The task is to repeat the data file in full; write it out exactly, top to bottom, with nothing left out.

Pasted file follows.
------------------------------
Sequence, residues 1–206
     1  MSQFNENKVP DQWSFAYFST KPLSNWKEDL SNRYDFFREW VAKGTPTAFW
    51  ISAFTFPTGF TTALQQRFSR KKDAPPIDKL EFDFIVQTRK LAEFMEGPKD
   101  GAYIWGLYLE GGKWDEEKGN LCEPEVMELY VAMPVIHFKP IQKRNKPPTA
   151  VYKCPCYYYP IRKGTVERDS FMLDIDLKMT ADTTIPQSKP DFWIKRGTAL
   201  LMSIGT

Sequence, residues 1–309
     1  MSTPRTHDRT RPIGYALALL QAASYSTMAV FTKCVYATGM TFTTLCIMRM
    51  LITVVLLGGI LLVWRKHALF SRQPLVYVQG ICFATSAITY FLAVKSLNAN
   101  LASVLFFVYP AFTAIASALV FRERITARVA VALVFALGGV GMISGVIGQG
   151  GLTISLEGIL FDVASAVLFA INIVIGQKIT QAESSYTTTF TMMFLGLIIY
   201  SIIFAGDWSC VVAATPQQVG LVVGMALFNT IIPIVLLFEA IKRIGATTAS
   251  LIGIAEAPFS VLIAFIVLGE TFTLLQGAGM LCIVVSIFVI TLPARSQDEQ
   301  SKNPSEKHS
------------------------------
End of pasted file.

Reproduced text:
Sequence, residues 1–206
     1  MSQFNENKVP DQWSFAYFST KPLSNWKEDL SNRYDFFREW VAKGTPTAFW
    51  ISAFTFPTGF TTALQQRFSR KKDAPPIDKL EFDFIVQTRK LAEFMEGPKD
   101  GAYIWGLYLE GGKWDEEKGN LCEPEVMELY VAMPVIHFKP IQKRNKPPTA
   151  VYKCPCYYYP IRKGTVERDS FMLDIDLKMT ADTTIPQSKP DFWIKRGTAL
   201  LMSIGT

Sequence, residues 1–309
     1  MSTPRTHDRT RPIGYALALL QAASYSTMAV FTKCVYATGM TFTTLCIMRM
    51  LITVVLLGGI LLVWRKHALF SRQPLVYVQG ICFATSAITY FLAVKSLNAN
   101  LASVLFFVYP AFTAIASALV FRERITARVA VALVFALGGV GMISGVIGQG
   151  GLTISLEGIL FDVASAVLFA INIVIGQKIT QAESSYTTTF TMMFLGLIIY
   201  SIIFAGDWSC VVAATPQQVG LVVGMALFNT IIPIVLLFEA IKRIGATTAS
   251  LIGIAEAPFS VLIAFIVLGE TFTLLQGAGM LCIVVSIFVI TLPARSQDEQ
   301  SKNPSEKHS